Genetic engineering for synthetic semiconductors
June 11, 2012 // Sylvie Barak
Genetic engineering could hold the key to artificially creating semiconductors in a lab. According to technology news site Ars Technica, a team of academics at the University of California, Santa Barbara is looking at ways to create synthetic proteins that could form new structures of silicon dioxide to make computer chips with.
These chips would then be used in all kinds of electronics. The proteins could also form titanium dioxide, used in solar cells.
The process is a bit different from regular genetic engineering because it uses synthetic cells made of the randomly combined genes of two related silicateins replete with random mutations, surrounded by a nucleus of minute plastic beads.
The artificial cells are put through the proverbial wringer, killing many along the way. Those that survive the process have their genes cherry picked by the scientists from either the silicon or titanium dioxide-forming proteins.
The results were somewhat surprising, with researchers finding not just the original silicateins used to form the artificial cell in the first place, but also another, different gene.
Tests on the new gene found it contained a silica-forming protein which has been dubbed silicatein X1, which may prove useful in the making of folded sheets of silica-protein fibers.
Silica skeletons of radiolaria in false color.
While that may sound strange and complicated, it’s worth noting that even in nature, creatures like marine sponges can produce materials like fiberglass, while ARS notes that some bacteria can even build magnetic nanoparticles.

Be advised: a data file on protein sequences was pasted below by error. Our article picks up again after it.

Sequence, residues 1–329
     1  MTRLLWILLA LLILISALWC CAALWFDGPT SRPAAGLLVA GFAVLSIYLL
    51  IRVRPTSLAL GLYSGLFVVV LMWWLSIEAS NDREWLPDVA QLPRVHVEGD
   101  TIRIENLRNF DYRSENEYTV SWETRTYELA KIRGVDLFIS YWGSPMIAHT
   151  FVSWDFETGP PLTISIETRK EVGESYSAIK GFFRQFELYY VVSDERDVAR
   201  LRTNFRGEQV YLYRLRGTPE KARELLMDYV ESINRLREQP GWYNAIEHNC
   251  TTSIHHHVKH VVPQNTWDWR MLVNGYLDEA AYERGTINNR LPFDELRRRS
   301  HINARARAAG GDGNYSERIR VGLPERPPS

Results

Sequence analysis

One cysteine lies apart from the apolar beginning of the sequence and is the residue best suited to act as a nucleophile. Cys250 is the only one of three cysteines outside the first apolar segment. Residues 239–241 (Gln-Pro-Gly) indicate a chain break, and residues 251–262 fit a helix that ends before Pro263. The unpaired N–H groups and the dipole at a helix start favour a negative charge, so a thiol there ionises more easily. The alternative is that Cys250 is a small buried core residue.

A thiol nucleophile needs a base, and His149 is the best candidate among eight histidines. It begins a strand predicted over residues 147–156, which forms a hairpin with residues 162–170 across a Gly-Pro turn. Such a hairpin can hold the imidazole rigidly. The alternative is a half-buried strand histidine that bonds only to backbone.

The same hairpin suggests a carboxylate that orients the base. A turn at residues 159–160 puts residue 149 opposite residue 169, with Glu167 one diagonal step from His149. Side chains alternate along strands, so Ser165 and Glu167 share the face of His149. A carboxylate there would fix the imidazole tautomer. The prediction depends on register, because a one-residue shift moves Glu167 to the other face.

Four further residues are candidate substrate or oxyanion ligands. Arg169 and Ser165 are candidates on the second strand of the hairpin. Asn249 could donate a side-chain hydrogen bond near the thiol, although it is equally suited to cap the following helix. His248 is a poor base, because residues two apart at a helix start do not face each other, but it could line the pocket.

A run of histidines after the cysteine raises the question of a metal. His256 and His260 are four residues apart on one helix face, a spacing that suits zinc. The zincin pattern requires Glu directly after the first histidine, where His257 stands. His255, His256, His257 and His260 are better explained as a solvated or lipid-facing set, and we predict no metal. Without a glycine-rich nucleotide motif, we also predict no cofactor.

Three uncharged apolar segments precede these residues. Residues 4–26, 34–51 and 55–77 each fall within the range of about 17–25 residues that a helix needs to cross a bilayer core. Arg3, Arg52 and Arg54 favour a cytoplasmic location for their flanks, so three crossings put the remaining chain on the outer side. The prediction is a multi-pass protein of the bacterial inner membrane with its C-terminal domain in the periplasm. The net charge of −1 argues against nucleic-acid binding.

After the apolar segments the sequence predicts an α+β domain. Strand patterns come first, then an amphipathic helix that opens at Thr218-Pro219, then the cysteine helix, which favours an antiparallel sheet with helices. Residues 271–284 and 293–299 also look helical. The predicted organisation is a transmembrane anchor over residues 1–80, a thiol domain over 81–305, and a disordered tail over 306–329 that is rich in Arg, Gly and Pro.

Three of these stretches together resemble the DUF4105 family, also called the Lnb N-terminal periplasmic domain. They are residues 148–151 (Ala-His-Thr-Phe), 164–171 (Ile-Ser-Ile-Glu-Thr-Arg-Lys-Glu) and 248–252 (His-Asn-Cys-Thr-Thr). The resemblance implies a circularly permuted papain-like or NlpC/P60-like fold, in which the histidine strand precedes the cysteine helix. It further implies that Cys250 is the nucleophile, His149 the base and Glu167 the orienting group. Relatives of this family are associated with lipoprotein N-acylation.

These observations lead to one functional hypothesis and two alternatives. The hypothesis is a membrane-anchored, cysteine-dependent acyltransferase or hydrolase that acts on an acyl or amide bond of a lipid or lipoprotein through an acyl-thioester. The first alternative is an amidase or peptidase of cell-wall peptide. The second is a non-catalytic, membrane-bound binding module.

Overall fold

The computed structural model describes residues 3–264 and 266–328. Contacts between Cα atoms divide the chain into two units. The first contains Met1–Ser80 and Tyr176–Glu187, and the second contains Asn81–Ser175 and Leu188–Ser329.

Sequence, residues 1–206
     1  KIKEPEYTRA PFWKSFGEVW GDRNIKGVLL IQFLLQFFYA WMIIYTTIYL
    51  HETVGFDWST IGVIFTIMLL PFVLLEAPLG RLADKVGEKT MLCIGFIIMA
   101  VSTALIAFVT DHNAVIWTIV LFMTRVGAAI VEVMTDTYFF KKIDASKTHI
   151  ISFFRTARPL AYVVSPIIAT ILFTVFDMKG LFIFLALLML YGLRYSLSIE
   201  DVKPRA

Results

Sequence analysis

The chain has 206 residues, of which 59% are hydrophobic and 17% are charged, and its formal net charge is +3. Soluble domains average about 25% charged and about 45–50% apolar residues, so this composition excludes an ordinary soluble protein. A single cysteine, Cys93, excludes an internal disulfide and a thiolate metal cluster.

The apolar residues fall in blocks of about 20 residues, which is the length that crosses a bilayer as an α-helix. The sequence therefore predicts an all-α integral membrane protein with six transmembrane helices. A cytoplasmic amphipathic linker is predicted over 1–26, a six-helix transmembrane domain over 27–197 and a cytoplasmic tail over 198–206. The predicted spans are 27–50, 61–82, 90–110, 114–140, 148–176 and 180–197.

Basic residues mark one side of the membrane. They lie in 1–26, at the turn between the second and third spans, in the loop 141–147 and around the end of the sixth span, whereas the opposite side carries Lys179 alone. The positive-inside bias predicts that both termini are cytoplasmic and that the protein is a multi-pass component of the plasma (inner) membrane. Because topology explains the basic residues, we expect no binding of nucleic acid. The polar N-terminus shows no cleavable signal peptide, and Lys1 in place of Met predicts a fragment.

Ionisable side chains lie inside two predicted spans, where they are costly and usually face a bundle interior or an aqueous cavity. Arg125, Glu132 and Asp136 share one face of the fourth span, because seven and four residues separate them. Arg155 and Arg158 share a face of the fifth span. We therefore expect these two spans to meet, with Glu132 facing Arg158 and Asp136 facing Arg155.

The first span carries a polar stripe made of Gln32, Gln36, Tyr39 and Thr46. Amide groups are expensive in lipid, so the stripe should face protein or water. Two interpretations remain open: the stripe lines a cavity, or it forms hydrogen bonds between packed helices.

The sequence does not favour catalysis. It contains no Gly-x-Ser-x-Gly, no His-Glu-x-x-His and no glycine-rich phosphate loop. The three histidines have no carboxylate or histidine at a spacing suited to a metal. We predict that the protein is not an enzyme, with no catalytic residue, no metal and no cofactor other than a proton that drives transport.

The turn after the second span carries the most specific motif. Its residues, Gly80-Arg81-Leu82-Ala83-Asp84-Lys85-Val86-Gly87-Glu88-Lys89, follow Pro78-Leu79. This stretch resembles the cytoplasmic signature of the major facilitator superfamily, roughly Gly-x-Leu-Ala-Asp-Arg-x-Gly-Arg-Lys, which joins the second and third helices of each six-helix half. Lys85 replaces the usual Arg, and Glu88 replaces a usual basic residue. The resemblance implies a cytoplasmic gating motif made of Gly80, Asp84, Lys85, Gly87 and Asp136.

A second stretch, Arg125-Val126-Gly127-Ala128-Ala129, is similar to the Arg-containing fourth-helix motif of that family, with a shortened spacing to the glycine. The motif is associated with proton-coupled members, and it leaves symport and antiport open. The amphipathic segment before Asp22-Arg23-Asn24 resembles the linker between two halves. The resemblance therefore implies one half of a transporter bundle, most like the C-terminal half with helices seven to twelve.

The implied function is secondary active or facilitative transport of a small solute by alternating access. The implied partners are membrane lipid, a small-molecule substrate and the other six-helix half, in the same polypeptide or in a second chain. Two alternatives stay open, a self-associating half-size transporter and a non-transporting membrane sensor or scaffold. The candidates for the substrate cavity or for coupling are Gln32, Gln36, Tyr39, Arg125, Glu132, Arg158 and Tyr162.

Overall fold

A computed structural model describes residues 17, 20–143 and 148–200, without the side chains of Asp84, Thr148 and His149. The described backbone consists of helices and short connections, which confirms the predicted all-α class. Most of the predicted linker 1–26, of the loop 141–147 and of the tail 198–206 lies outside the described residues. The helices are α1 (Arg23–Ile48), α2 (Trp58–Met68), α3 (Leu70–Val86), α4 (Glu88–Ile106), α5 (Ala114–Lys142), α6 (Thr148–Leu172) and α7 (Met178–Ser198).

Now that scientists know it’s possible to create entirely different silica proteins, the next step will be to change the conditions in order to achieve things like semiconductor performance.
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Internet of Things (IoT) manufacturer Ciseco has launched the Raspberry Pi ‘Wireless Inventors Kit’ (RasWIK), featuring 88 pieces to provide everything a Pi owner needs to follow a series of step-by-step projects or to create their own wireless devices, without the need for configuration or even writing code.
RasWIK has been designed to be highly accessible, demystifying the dark art of wireless and enabling anyone with basic computing skills to begin building wireless devices with a Raspberry Pi. You can create anything from a simple traffic light, to a battery monitor, or even a temperature gauge that sends data to the Xively IoT cloud so billions can access the data.This month, Ciseco is giving away twelve Raspberry Pi Wireless Inventors kits, worth £49.99 each for EETimes Europe's readers to win.
And the winners are...
In our previous reader offer, Farsens was giving away five kits for EEtimes Europe readers to evaluate its FenixVortex, Kineo and X1 wireless, battery free sensor tags.
Lucky winners include Mr A. Neil from the UK, Mr. E. Delvaux from Belgium, Mr Lengal from the Czech Republic, Mr H. Bijlsma from the Netherlands, and Mr G. Pfaff from Germany. All should be receiving their packages soon. Lets wish them some interesting findings with their projects.
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